Since 2011, the crisis in Syria has incited a wide range of emotions and political opinions among the people of Turkey. Withstanding mortar fire attacks in border towns and absorbing a deluge of Syrian refugees, Turkey has felt the conflict more acutely than most of its neighbors. The wildfire takeover of Syrian and Iraqi territory by ISIS militants in 2014 has only compounded the threat, bringing the war within viewing distance of the Turkish side of the Syrian border.
The conflict has proved itself a quagmire for the AKP, Turkey’s ruling political party, as President Recep Tayyip Erdoğan doggedly pursues an elusive resolution to what is both a foreign policy conundrum and domestic security crisis. Yet, despite this clear threat, Turkey has not deployed its own troops into hostile territory. And despite Turkish citizens’ horror over the murder of their fellow countrymen, many remain staunch in their disapproval of direct military intervention. Why is this tragedy, this palpable fear over safety, unable to sway Turkish public opinion?
Scholars have found that negative emotions spur a constituent to learn more about the current political environment, while positive emotions foster a complacency with one’s existing, however lacking, understanding. Cengiz Erisen of TOBB University of Economics found these discoveries intriguing, but believed a variable was missing: the impact of one’s social group. Known as “social network analysis,” it is one of political science’s more novel analytic methods. In his article “Emotions, social networks and Turkish political attitudes on the Syria Crisis,” Erisen investigates the interplay of emotion and social ties in the formation of public opinion. For his case study, Erisen required real emotions and real social ties; he opted to explore Turkish citizens and their political attitudes towards the Syria crisis.
Working with a sample of 243 Turkish university students, Erisen invoked either fear or anger to see how the emotion affected the students’ political beliefs. Participants were asked to write out answers to two questions: “What aspect of the events in Syria makes you the most _____? ” and “Why does it make you so _____?” The blanks alternately held “ANGRY” or “FEARFUL,” printed in all-caps for emphasis. The study’s subjects were told to respond so that someone reading their response would become angry or fearful. In this way, the writing exercises aimed to evoke anger or fear in the author.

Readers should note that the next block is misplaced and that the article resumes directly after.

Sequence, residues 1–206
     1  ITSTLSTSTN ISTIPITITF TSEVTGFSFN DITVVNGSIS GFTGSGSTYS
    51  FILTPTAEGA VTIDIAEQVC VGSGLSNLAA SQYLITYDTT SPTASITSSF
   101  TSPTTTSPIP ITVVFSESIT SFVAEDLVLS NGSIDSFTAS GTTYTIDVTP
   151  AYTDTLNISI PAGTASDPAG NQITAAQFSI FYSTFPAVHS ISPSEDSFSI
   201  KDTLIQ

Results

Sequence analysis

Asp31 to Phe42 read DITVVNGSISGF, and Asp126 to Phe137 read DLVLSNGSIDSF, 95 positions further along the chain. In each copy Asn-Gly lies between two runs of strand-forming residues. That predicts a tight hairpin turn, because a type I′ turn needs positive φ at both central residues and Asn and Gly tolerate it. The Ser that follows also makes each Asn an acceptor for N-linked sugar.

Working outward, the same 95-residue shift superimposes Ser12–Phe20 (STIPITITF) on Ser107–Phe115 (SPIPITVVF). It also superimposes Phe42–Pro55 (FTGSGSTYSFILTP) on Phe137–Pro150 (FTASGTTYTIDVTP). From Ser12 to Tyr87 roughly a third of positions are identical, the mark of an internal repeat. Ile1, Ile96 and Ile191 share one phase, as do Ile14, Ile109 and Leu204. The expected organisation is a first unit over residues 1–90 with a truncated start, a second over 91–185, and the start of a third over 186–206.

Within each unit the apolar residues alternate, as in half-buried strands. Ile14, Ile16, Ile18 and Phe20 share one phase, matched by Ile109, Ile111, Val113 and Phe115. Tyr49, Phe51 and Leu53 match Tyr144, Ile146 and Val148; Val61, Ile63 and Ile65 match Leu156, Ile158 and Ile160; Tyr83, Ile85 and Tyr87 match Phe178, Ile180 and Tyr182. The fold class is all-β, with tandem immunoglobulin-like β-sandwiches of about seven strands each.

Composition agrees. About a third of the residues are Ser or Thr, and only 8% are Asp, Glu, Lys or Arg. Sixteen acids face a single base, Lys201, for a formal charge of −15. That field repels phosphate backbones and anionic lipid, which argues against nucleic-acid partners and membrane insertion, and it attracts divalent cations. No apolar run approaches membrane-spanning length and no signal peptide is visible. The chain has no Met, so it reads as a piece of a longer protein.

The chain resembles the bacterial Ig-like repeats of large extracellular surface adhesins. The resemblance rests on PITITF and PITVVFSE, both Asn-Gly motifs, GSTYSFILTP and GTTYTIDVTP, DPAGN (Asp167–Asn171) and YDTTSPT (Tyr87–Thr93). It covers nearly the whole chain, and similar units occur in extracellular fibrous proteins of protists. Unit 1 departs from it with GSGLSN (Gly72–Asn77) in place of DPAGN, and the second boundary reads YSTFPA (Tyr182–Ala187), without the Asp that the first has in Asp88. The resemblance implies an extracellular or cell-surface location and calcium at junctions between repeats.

Negative emotions, like fear, spur people to learn more about the current political environment.
Positive emotions foster complacency.
Conceptualizing emotions for academic use is a tricky business. “Valence” is a term used to describe whether an emotion is positive or negative. Some scholars argue that different emotions of the same valence (fear and anger, for example) result in different behavior — the so-called “discrete” approach. Others hold that emotions of the same valence produce the same behavior — the Affective Intelligence Model (AIM). Through the AIM lens, fear and anger are indistinguishable: a participant will behave the same whether she is angry or fearful. Initially, Erisen projected that his findings would align with the discrete approach. He ultimately concluded, however, that AIM best explains the study’s results: Whether manipulated to feel fear or anger, participants appeared eager to accept reading materials about the Syria crisis, which Erisen offered after their work was complete.
To analyze the influence of participants’ social networks, Erisen considered the makeup of each participant’s social group. The participants were asked a series of questions to assess four characteristics of their networks of family, friends, and acquaintances: size, coherence (how ideologically similar a network’s members are), sophistication (their level of education and political engagement), and cohesion (how frequently they communicate). The participants’ acceptance or rejection of information on the Syria crisis was then analyzed in relation to their social groups. Erisen found that participants demonstrated greater interest in receiving information when either their social network was large or sophistication was high. Participants were less inclined to seek further knowledge when coherence was high. “If individuals maintain a social network in which there is no political variance,” wrote Erisen, “then they close themselves off from different political points of view.”
The study also included questions to assess how individuals’ emotions and personal social networks affect our perceptions of the Syria crisis’s threat to Turkey. Unsurprisingly, those experiencing fear or anger were more inclined to rate the crisis as a larger threat to Turkey. As for the influence of social groups, Erisen concluded that increased coherence and cohesion decrease one’s threat perception: “The more people communicate with like-minded political ideologues, and the more they see certain individuals more often than others in the network, the more the social network for these individuals becomes a social bubble presenting the view that the Syria crisis is not a threat.”
Whether or not we’re in Turkey and staring down rampaging militants, our political attitudes are not formed in the rational vacuum of the mind; the people around us, and the fickle emotions we experience, play a role. One positive takeaway from Erisen’s work is that there’s a tangible value in surrounding yourself with diverse opinions: the more varied your friends’ beliefs are, the more obliged you are to strengthen the quality of your own thoughts and arguments. But a more somber, if unsurprising, takeaway remains: political fear-mongering wields considerable power to sway public opinion.
* * *
The Source: Cengiz Erisen, “Emotions, social networks and Turkish political attitudes on the Syria Crisis,” Southeast European and Black Sea Studies 15.1 (2015): 1-18.